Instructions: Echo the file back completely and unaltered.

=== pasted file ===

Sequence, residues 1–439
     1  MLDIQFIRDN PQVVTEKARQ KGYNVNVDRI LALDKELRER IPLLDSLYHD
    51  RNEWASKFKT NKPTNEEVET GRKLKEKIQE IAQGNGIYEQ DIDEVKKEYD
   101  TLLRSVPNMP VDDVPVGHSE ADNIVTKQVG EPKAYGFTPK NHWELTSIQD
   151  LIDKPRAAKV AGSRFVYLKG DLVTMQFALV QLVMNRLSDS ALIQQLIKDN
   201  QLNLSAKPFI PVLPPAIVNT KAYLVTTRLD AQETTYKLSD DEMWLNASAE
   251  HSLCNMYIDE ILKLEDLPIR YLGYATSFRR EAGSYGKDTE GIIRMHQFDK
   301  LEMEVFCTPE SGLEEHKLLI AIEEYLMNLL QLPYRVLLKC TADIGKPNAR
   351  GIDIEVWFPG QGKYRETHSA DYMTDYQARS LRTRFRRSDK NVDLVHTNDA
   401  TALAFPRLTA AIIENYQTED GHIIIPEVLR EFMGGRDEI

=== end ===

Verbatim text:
Sequence, residues 1–439
     1  MLDIQFIRDN PQVVTEKARQ KGYNVNVDRI LALDKELRER IPLLDSLYHD
    51  RNEWASKFKT NKPTNEEVET GRKLKEKIQE IAQGNGIYEQ DIDEVKKEYD
   101  TLLRSVPNMP VDDVPVGHSE ADNIVTKQVG EPKAYGFTPK NHWELTSIQD
   151  LIDKPRAAKV AGSRFVYLKG DLVTMQFALV QLVMNRLSDS ALIQQLIKDN
   201  QLNLSAKPFI PVLPPAIVNT KAYLVTTRLD AQETTYKLSD DEMWLNASAE
   251  HSLCNMYIDE ILKLEDLPIR YLGYATSFRR EAGSYGKDTE GIIRMHQFDK
   301  LEMEVFCTPE SGLEEHKLLI AIEEYLMNLL QLPYRVLLKC TADIGKPNAR
   351  GIDIEVWFPG QGKYRETHSA DYMTDYQARS LRTRFRRSDK NVDLVHTNDA
   401  TALAFPRLTA AIIENYQTED GHIIIPEVLR EFMGGRDEI